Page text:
Blount: No, but refer to the previous question and answer. Long green-flag runs at big tracks equal more fuel-mileage races. The fewer the cautions, the more chances teams will try to make it to the end on fumes. I really don't mind fuel-mileage races because it adds some drama at the end when the field is spread out and someone has a chance to win by five seconds or more if everyone can make it on fuel. And fuel-mileage options have increased because technological advances enable teams to better calculate just how far they can go, although it didn't work for Brad Keselowski Saturday night. But it did make things more interesting.
Hinton: I love fuel-mileage races because they're very suspenseful if you're paying close enough attention. It's a throwback to the days when even a leader by a lap could fall out at any moment with a blown engine. But then again, I love 24-hour sports car races, too, where strategy and endurance always trump close racing. But I don't claim to be the average fan, and those folks, the most important, seem to despise fuel-mileage races. I'm not at all sure what NASCAR could do about it, though.
McGee: Yes, too many. I like to have one or two thrown into a season just for the sake of strategic variety. But when guys are rolling off pit road 30 laps into the race and crew chiefs are already telling them, "Save me some fuel!" that's a bit much. I was told there would be no math on this exam.
Newton: I love fuel-mileage races. As I've said before, I get that same tense, nervous feeling watching these guys try to stretch a tank of fuel that I get when the empty light is on in my street car and I'm 20 miles from the next gas station. Not that I want to see them every week, and two of the past three in the Chase isn't ideal. What I didn't like about Saturday night's fuel-mileage race was there wasn't a lot of passing or action. And these guys began trying to conserve fuel with 120 laps to go and at least one stop left. That I didn't care for. But in this world where crew chiefs and engineers can calculate to the fraction of a drop of fuel in the tank, not much is going to change.
Smith: No. The drivers are driving as hard as ever. They're racing like hell for 20th position. I mean, for the majority of the race at Charlotte the top four in points were the top four on the racetrack. The competition is so even right now. And therefore wins are fleeting and passing is extremely tough, so the Paul Wolfes of the world are finding and creating new strategies to gain every possible advantage. Fuel mileage is just one of them. (I happen to find fuel strategy interesting, personally.)
Turn 4: Regan Smith, Kurt Busch and AJ Allmendinger were familiar faces in unfamiliar drivers' seats at Charlotte. Which one came out the best, and why?
Blount: Actually, it was a giant dud after all the expectations leading into the first show in new rides for these guys. Smith gets an incomplete, but it looked like he had a shot at a top-10 finish before the engine blew early in the 88 Chevy. So this weekend at Kansas is sort of a do-over for him. Busch and Dinger were kind of blah. Look at it like this: Busch finished four spots worse than Smith did in the 78 at Charlotte in May (21st instead of 17th). AJ finished three spots better than Busch did in the 51 at the Coca-Cola 600 in May (24th instead of 27th). No one gets a gold star from me. Let's give it another week.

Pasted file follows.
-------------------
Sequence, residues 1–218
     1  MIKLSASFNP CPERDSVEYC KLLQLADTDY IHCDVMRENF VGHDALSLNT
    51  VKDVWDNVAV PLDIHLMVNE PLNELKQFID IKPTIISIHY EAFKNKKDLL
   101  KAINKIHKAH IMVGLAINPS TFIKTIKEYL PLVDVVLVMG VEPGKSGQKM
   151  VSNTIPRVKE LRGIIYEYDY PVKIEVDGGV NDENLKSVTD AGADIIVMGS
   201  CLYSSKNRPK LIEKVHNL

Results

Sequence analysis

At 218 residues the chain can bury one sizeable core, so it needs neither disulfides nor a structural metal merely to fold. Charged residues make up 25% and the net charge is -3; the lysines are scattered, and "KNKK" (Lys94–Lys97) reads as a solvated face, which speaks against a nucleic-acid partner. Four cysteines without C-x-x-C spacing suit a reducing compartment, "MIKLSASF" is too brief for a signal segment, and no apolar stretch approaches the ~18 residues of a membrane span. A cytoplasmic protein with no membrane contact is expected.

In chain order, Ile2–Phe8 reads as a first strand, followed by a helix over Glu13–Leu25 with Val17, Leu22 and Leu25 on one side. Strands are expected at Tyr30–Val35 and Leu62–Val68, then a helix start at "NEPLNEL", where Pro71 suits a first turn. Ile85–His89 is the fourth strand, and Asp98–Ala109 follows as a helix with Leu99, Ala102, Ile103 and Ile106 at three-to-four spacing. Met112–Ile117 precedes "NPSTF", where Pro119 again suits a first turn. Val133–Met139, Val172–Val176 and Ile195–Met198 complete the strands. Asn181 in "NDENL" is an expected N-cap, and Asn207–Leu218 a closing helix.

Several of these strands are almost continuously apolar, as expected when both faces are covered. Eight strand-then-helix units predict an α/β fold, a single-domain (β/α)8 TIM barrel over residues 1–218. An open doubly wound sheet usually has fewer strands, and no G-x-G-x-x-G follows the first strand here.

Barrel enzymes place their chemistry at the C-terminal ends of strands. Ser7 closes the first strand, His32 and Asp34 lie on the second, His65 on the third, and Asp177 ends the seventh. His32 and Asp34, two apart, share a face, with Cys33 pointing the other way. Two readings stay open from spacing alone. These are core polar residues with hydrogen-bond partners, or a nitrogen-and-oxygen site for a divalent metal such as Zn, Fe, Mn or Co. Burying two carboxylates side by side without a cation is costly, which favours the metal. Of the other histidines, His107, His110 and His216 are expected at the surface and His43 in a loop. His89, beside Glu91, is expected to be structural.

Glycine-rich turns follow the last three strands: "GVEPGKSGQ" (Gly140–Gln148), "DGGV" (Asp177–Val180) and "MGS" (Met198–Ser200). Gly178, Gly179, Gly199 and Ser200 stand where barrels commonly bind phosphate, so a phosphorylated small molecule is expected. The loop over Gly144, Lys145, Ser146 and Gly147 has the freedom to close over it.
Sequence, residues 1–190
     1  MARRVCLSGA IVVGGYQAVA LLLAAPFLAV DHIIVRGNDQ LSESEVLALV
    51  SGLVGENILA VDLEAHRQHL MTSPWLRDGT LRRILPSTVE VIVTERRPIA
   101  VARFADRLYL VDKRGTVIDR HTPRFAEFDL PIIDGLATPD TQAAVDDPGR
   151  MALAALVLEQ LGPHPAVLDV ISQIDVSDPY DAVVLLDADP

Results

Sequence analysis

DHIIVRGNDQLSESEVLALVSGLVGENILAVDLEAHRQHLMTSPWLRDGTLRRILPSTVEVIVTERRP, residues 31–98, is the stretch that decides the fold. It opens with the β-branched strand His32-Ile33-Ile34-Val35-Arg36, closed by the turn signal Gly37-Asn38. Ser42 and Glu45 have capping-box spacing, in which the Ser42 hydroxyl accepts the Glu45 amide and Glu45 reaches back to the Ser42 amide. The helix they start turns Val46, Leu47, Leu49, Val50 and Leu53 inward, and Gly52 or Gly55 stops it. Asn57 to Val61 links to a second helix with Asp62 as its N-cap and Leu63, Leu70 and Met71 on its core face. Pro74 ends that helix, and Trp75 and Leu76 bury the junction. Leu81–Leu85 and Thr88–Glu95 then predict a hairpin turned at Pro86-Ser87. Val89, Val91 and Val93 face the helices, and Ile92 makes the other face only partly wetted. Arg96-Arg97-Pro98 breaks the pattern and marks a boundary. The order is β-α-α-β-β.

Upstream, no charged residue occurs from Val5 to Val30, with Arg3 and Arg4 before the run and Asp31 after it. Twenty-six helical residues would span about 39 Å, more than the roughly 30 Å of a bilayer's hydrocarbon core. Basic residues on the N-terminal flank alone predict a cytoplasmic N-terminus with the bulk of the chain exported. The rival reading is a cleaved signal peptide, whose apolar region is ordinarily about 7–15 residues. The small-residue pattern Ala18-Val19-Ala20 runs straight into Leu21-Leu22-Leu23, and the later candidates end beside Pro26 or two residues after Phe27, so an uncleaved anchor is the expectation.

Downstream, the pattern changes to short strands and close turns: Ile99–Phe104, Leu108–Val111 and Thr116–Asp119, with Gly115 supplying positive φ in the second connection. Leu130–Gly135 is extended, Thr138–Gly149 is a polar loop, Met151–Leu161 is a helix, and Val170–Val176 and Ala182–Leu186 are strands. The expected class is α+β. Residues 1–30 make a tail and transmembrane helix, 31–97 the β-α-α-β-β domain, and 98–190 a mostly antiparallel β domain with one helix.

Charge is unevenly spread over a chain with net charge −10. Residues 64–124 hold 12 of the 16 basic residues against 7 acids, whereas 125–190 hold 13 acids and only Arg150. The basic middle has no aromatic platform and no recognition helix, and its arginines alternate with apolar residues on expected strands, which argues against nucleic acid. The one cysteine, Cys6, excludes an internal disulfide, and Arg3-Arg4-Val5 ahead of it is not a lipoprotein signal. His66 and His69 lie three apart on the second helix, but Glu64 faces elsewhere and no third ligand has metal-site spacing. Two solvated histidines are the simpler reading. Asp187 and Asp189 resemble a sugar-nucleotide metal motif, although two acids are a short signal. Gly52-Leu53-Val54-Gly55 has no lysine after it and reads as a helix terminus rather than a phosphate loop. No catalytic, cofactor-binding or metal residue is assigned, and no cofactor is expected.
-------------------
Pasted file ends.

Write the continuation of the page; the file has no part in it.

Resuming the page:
Hinton: Smith, because he came out effectively with a non-decision due to the early blown engine. He conceded the possibility he might have over-revved during a pit stop, but I think the possibility is even higher that Hendrick was using some experimental parts in the 88, which has now become mostly an R&D car now that the Chase is out the window and Earnhardt is sitting. Smith is too experienced a driver to over-rev so much that a stronger engine wouldn't have survived it.
McGee: Smith. Before his engine went kaboom, he was flying. With a couple of days of testing prior to the real race weekend beginning at Kansas, it's not a stretch to expect big things from the 88 car on Sunday.
Newton: I'm going to go with Regan Smith even though he had the worst finish among the three, at 38th. But that's because his engine blew. Before that, Smith had taken a car that qualified 26th and moved into the top 15. He was a legitimate threat for a top-10 finish, showing he's almost as capable -- maybe just as capable -- as Dale Earnhardt Jr. in that car. The other two are a wash. Kurt Busch finished 21st in the Furniture Row car that was 23rd in the standings with Smith. Smith actually had gone fifth, 17th and 16th in his last three races for Furniture Row, so you could say Busch had the worst day. Allmendinger finished 24th in a car that was 26th in the standings that Busch drove to an average finish of 29.4 in the previous five races. Further evidence, I might add, that the move to Furniture Row for the most part was a lateral move.
Smith: Allmendinger. Many folks wrote him off after the drug suspension. One unnamed source even told our David Newton that Allmenginer was basically a liar. And regarding Allmendinger's claim that he would complete the Road to Recovery Program by the end of August, that same unnamed source told Newton: "That's not going to happen." It sure was close. The unnamed source made it sound like it'd be 2017 before Allmendinger could race again. Allmendinger was in fact reinstated to race on Sept. 18, and back in a Cup car less than a month later. Everybody likes a comeback story